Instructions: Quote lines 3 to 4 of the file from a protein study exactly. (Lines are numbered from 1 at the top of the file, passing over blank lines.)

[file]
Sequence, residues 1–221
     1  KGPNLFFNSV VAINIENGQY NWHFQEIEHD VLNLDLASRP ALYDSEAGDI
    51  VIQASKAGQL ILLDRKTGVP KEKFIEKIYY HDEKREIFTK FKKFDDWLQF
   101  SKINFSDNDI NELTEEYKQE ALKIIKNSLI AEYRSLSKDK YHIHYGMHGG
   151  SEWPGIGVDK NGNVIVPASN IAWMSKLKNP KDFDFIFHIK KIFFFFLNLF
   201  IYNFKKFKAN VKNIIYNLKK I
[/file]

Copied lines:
    51  VIQASKAGQL ILLDRKTGVP KEKFIEKIYY HDEKREIFTK FKKFDDWLQF
   101  SKINFSDNDI NELTEEYKQE ALKIIKNSLI AEYRSLSKDK YHIHYGMHGG